EV Van Startup Electric Last Mile Is In Trouble
Electric Last Mile Solutions is a Troy, Michigan-based delivery van startup that has been developing its electric van for years before starting production late last year. That’s a milestone for any EV startup in this era of come and go EV companies. But there is a lot going on that raises red flags.
The two top Electric Last Mile founders have left the company
Both the ELMS CEO James Taylor and Chairman Jason Luo left the company this week. The ELMS board says they both purchased equity in the company without any outside oversight to what the equity was worth. With companies like ELMS, which have found funding through blank check SPAC funding, there are many questions about what they represent.
SPAC is short for “special purpose acquisition companies”, which are basically blank check companies giving access to startups to the stock market. It makes it easier and quicker to tsp into investment money than following the traditional path of initial public offerings. Naturally, there is more risk involved than investing in a legitimately-placed company on the stock exchange.
But this clearly smacks of increasing scrutiny of these types of SPAC EV startups. Just yesterday, shares have plunged 50-percent. It is the nature of these types of companies in this environment.
Electric Last Mile shares are down by 50-percent
ELMS went public in June of 2021 with a valuation of $1.4 billion. Since then, its market capitalization is at $336 million. With this latest news, investors will be wary of dumping more into the company until there are numbers that indicate sales are soaring. The “lynchpins” of the company were Taylor and Luo.
The hidden advantage that LMTS possessed was its connection to Chinese manufacturing. “With both gone under dark cloud circumstances, the ELMS bull story is tossed out the window and has minimal credibility in the eyes of investors and puts major uncertainty around the name until more details are known,” said Dan Ives, managing director and senior equity analyst with Wedbush Securities to Automotive News. Wedbush has downgraded the company’s stock.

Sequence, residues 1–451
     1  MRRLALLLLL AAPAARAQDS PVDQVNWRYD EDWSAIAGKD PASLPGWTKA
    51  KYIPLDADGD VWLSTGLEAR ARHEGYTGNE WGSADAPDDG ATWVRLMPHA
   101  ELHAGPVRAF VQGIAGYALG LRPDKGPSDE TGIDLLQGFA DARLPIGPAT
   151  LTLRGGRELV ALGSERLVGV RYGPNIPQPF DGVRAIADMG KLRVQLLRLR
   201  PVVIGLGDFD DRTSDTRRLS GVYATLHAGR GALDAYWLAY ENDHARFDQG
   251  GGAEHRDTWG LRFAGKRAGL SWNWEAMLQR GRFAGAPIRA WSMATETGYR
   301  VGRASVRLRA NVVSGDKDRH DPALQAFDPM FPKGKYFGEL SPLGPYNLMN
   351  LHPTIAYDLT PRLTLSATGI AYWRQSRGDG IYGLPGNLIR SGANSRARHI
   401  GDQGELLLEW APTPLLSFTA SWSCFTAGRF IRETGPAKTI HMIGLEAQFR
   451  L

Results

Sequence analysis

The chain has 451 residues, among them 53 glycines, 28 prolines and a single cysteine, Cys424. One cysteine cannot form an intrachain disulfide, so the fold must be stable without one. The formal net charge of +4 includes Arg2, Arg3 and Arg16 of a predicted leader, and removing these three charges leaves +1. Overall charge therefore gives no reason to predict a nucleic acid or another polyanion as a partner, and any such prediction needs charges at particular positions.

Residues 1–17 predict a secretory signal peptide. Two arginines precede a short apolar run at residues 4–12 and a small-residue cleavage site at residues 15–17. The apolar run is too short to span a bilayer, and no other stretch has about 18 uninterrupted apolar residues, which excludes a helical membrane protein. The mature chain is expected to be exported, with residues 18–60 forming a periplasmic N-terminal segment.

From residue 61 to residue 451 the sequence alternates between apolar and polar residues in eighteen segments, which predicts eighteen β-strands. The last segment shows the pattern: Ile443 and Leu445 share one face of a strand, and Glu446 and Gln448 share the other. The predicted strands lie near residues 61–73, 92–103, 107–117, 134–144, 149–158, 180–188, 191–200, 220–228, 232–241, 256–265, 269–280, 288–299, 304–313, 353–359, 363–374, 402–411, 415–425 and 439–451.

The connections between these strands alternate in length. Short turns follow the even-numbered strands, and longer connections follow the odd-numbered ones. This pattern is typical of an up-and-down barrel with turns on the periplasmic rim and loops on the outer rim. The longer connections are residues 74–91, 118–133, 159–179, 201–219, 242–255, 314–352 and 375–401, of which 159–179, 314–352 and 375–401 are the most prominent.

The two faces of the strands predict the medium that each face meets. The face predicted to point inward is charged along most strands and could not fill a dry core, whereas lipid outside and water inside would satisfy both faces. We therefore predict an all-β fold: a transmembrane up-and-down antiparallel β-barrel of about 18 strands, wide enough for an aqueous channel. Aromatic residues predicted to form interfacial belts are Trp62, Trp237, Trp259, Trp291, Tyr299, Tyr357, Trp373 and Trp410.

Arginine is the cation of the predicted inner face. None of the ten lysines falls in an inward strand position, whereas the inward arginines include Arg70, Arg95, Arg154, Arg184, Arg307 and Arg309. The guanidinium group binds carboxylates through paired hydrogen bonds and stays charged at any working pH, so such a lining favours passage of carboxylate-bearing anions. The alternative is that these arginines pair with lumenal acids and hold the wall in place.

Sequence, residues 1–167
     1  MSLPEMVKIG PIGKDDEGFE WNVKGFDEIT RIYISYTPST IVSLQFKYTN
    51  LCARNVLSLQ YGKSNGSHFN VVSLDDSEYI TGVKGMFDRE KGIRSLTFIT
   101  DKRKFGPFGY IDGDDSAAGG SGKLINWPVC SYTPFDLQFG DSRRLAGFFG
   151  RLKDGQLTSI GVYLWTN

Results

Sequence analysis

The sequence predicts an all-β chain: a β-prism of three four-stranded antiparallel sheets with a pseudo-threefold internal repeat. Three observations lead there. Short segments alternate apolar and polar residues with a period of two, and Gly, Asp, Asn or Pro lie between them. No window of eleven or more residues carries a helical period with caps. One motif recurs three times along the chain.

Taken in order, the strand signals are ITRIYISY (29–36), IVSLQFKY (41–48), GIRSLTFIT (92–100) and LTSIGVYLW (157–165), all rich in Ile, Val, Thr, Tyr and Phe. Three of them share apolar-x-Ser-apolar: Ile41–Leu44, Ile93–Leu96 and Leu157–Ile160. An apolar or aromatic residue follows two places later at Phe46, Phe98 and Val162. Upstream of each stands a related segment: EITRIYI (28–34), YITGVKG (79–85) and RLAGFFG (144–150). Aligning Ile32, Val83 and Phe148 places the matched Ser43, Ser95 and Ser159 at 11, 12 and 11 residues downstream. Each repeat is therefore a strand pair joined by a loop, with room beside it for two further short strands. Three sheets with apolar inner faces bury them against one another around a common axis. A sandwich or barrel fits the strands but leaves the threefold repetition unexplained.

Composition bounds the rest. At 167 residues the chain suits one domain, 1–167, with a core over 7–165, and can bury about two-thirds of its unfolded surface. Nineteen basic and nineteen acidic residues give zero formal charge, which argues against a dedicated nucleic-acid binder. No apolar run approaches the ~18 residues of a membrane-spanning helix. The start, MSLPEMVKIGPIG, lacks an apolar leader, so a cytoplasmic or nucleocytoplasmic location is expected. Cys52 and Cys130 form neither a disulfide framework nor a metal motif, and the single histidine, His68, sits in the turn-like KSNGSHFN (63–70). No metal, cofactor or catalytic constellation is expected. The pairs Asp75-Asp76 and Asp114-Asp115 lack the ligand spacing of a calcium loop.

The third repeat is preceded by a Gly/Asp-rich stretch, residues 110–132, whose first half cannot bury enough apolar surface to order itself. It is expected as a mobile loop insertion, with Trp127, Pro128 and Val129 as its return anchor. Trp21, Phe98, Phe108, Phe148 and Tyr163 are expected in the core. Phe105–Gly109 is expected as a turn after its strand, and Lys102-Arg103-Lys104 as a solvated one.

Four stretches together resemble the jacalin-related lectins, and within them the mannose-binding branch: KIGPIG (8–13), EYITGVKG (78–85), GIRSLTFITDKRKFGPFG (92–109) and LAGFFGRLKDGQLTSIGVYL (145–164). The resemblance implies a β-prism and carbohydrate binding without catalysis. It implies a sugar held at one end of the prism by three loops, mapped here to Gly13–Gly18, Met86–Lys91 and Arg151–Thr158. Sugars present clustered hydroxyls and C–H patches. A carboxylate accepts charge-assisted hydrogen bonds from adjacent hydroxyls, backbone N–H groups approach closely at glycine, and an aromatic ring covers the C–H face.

“This is potentially back-breaking news to the ELMS story”
“With investors already skeptical of many unproven EV startups, this is potentially back-breaking news to the ELMS story, and we clearly cannot stay on board with a positive bias,” Ives continued. It’s not uncommon for executives to get equity in the company they’re heading. But that equity has to be recorded as compensation. This raises red flags about the health of the company.
This has been the legacy of SPACS. With a company going through an IPO review, the bad stuff tends to surface. It has a lot more checks and balances. But a SPAC avoids that scrutiny. That is why there is regulatory oversight in the works.
Fisker, Lucid, Nikola, and Lordstown
Most of the electric vehicle startups rely on SPACs to hoover development capital. That includes Fisker, Lucid, Nikola, and Lordstown. The last two are suffering over numerous claims that can’t be confirmed.
Fisker, on the other hand, is under a microscope as it heads into its promise to begin production of its Ocean SUV later this year. If it can’t meet its goal, look for additional scrutiny. And also, lots of drama from investors and investigators.
Just today, a class-action lawsuit was filed against ELMS for making false and/or misleading statements and/or failing to disclose a litany of charges. Rounding up all of the issues that have surfaced over the last several days, it looks like Electric Last Mile Solutions is in trouble.